The $1 billion lawsuit that SCO Group (SCOX) Inc. filed against IBM in March is turning into something akin to water torture. Every few weeks, there's a new allegation or announcement from the tiny Lindon (Utah) software company, provoking fears that it will enforce its intellectual property rights against sellers of the Linux computer operating system.
Enough already. True, SCO should be free to protect its software, in this case core pieces of the Unix operating system upon which Linux is based. But its relentless approach to this case could cause irreparable harm to Linux -- slowing or even halting its adoption by corporations. Linux is an increasingly popular open-source product, developed by thousands of independent and corporate programmers and given away free, though commercial versions are also for sale. With more than 25% of the market for server computer operating systems, Linux has emerged as the best hope for keeping competition alive in a corporate software market that could otherwise be dominated by Microsoft Corp. Companies need Linux to counterbalance Microsoft's Windows hegemony.
Fortunately, there may be a relatively painless solution: SCO could identify the pieces of Linux that it believes infringe on its rights. If it turns out that SCO's rights were violated, the open-source community could write replacements for those portions. Meanwhile, arbitrators or the courts could decide whether IBM violated its contracts with SCO and, if so, how much it owes in compensation.
Such an approach was successful once before. In 1992, a similar fight erupted between two camps backing early versions of Unix: the original AT&T (T) Bell Labs program developed in the late 1960s, and a version developed at the University of California at Berkeley. The resolution allowed both flavors of Unix to flourish, says Jon Hall, executive director of trade group Linux International Inc.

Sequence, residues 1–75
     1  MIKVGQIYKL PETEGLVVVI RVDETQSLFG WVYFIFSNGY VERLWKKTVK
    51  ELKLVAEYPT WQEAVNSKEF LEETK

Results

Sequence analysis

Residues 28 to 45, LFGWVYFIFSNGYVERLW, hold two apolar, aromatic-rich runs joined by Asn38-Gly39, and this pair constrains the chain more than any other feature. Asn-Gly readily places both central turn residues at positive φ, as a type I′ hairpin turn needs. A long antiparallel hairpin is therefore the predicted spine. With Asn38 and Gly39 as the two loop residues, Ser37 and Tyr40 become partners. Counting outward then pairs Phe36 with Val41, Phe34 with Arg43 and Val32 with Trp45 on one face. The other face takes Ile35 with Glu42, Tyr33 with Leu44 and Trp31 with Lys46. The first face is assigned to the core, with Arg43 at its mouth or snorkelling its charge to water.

But it looks like SCO is in no hurry to reach an accommodation. The more Linux spreads, the larger SCO's potential financial claim becomes. It asserts that Big Blue used copyrighted Unix software code, plus Unix expertise gained in a venture with SCO, to upgrade Linux. Then IBM began marketing Linux in workstations, servers, and supercomputers, boosting sales. And market share gains by Linux have come mostly at the expense of Unix.
SCO President Darl C. McBride says he'd consider replacement of the code, but warns it might not be practical: "When you find out how much code is infringing -- the amount is gargantuan -- it'd be a major challenge."
Linux advocates, including Hall, aren't sure that's true. They believe that some of the code SCO claims as its own may have come legally from other sources.
Meanwhile, SCO keeps turning up the pressure. On June 16, it amended its complaint in Utah's U.S. District Court, contending that IBM's Linux enhancements violate U.S. technology-export regulations. The new charges relate to Unix's ability to turn a cluster of PCs into a supercomputer powerful enough to use to develop nuclear missiles. Because of that capability, Washington must approve Unix sales to customers in such countries as Libya and North Korea. Now SCO is alleging that by transferring key Unix code to Linux and making it available to everyone over the Internet, IBM is violating the law.
If federal officials decide that Linux merits the same export controls as Unix, experts fear that could end development of Linux by the open-source community. An open-source tenet calls for all improvements to be posted on the Net.
SCO isn't waiting around for the feds before it throws a new dart. Next month, SCO will tell companies that use or distribute Linux, such as Red Hat Inc., that they need to buy a license, says McBride.
That means there's more water torture ahead. In the end, SCO may have a legitimate contract beef with Big Blue. But its tactics are taking too heavy a toll. Unless it wants to be remembered as the company that squelched competition in the corporate software market, it should identify the Unix code that it claims is in Linux so the issue can be resolved as quickly as possible. By Otis Port